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If you like reading what Amanda feeds her kids, you'll love taking a look into what other people—both in the food world and the world at large -- prepare for their own children (and occasionally their significant others and maybe even their pets). Prepare to be either resentful or appreciative of your own parents.
Today, Sarah Carey, Food Editor at Large at Martha Stewart Living, has been known to cook dinner in her pajamas before 7 A.M. (just check out the hashtag #sarahbeforeseven). But what does she pack her kids for lunch?
Let’s not candy-coat it: Making lunch for your kids is a total bore. Make it every day; make it healthy; make it varied—these rules, mostly self-imposed, can be hard to live up to. It’s especially challenging when you spend all that time making the lunch only to find it comes back half eaten. You might begin to question the importance of the homemade lunch. Why do I bother? Does it really make a difference? I'm already making them dinner every day, so why can't I just let them eat school lunch, that almost-but-not-really-food "meal" offered in the NYC public schools?
The answer is I can (my son) and I can't (my daughter). Let me explain: It got to a point with my son that he really wasn't eating the food I made; “too busy” and “not enough time” were his excuses. It was a big waste, so I stopped (no judgements please: The guilt I feel is quite enough, thank you). My daughter, on the other hand, while she often doesn't finish everything, really appreciates the lunches we pack, so we continue to make them.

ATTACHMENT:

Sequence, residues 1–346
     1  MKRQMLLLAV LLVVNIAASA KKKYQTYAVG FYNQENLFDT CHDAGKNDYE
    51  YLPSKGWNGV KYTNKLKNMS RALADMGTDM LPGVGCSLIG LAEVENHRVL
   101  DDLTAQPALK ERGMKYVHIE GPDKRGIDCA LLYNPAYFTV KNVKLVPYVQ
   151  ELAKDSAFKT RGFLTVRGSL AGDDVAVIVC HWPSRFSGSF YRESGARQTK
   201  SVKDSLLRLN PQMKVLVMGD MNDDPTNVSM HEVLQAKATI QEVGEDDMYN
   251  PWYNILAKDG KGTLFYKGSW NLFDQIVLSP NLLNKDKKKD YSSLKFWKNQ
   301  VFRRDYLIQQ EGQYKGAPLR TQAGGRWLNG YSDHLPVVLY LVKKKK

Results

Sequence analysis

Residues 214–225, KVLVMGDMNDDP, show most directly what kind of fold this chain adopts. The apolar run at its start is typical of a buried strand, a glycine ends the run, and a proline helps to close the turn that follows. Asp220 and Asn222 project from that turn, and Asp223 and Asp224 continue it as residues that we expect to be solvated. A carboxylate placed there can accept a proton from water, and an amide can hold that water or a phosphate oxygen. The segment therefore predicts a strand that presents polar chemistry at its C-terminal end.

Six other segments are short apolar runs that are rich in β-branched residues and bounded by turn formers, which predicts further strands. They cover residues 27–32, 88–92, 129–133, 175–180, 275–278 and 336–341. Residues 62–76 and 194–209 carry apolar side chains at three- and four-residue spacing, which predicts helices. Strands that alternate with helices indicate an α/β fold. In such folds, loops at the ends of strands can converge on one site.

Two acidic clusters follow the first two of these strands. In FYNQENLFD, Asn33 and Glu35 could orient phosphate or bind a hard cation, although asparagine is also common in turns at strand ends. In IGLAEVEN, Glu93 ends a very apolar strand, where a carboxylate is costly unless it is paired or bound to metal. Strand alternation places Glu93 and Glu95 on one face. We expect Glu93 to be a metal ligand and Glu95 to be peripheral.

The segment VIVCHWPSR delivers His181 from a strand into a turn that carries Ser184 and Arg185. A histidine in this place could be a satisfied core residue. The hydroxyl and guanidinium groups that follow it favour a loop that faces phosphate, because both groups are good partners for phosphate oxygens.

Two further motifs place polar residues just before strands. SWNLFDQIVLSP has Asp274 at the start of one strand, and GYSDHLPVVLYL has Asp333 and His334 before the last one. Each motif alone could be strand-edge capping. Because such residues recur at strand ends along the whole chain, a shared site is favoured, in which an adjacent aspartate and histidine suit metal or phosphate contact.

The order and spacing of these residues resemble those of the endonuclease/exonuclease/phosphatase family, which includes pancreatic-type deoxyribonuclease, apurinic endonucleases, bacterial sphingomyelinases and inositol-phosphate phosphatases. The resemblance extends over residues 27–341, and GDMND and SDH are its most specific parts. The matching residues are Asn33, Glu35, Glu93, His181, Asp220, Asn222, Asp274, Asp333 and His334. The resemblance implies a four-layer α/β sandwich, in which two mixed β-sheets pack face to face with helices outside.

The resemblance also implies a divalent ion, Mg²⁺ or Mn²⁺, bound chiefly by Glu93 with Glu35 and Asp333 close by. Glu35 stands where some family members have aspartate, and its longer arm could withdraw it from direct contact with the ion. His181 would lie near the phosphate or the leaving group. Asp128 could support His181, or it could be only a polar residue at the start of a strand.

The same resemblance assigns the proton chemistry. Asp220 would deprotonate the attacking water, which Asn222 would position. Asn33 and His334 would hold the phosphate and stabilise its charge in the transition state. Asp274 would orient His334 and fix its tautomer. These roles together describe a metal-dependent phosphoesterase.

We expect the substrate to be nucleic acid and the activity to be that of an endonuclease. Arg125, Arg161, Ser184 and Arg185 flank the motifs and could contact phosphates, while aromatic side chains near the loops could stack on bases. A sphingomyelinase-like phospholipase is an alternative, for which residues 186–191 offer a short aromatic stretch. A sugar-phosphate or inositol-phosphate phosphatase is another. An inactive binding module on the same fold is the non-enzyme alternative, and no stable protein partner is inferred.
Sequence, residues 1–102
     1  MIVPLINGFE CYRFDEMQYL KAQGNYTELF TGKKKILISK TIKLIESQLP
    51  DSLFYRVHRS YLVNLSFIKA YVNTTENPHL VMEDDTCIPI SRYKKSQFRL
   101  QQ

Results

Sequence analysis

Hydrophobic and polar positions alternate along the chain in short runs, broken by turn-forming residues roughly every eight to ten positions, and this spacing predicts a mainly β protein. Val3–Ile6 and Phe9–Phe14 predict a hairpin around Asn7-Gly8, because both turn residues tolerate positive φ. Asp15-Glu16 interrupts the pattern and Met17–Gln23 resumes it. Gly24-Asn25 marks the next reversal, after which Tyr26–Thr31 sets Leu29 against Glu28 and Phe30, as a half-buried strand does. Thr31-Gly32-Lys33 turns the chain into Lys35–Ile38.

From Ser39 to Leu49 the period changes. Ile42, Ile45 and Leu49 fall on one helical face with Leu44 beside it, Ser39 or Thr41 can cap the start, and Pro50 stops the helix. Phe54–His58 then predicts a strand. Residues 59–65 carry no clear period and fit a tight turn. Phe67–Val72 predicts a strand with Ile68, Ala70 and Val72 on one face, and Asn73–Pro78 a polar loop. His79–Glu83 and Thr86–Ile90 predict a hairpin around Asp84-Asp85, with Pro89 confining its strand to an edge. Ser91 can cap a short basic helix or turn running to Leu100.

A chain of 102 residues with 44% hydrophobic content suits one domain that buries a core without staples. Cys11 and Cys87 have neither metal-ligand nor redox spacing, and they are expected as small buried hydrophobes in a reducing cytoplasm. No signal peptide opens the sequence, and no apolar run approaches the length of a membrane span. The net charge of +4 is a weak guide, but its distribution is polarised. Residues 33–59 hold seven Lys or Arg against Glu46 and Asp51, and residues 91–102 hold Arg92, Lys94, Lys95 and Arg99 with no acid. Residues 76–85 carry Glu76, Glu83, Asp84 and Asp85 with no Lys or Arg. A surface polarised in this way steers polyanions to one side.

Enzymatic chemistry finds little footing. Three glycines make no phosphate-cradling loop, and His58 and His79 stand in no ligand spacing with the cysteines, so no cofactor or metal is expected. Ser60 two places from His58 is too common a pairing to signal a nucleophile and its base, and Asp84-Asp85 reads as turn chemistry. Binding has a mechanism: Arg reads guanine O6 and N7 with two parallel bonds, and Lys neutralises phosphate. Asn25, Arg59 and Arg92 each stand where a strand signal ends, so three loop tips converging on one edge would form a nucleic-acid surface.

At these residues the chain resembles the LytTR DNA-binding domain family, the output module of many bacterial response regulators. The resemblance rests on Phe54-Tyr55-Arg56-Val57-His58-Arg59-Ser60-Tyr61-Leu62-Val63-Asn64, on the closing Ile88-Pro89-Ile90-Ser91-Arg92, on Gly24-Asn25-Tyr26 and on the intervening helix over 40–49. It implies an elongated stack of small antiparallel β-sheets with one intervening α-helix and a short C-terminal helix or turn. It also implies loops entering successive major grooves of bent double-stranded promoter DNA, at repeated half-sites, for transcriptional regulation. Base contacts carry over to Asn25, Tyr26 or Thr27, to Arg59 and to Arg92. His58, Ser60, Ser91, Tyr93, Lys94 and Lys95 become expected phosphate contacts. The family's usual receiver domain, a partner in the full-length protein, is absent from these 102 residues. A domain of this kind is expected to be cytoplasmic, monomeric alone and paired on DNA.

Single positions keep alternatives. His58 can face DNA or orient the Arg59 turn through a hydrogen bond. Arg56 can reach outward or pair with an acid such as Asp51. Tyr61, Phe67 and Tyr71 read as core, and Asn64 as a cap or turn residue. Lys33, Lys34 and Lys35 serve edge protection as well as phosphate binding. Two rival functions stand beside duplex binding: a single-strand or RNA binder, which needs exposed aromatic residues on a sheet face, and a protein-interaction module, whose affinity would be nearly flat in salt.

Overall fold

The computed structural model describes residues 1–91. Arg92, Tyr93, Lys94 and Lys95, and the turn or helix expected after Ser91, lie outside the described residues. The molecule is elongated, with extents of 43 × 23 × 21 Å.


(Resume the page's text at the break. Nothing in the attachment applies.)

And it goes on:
What constitutes “lunch” depends on the day. Sometimes it's the classic sandwich, fruit, and vegetable combo, or sometimes a container of leftover dumplings or samosas. Allowing our daughter to be involved—or to even make her own lunch—results in more food eaten/less wasted. Lately, she's been into salads, so anything that can go in or on a salad is great. A bonus of working in a test kitchen: all the leftovers. In this way, bits and pieces from upcoming stories (turkey in April, anyone?) end up on the cafeteria table months before they appear in the pages of the magazine.
Today's lunch (see above): sliced turkey; whole Romaine leaves, cucumber spears, and feta with vinaigrette; broccoli tossed with pesto; and strawberries.
Make it easier by taking a bit of time on Sunday to get stuff ready so that when you are packing the prep is already done: Make a bottle of salad dressing, wash and dry some greens, cut up a few days' worth of your kids' favorite veggies, and make a batch of hummus or pesto.
Did you ever decide to stop making lunch for your kids? Share with us in the comments below!
Photo by Sarah Carey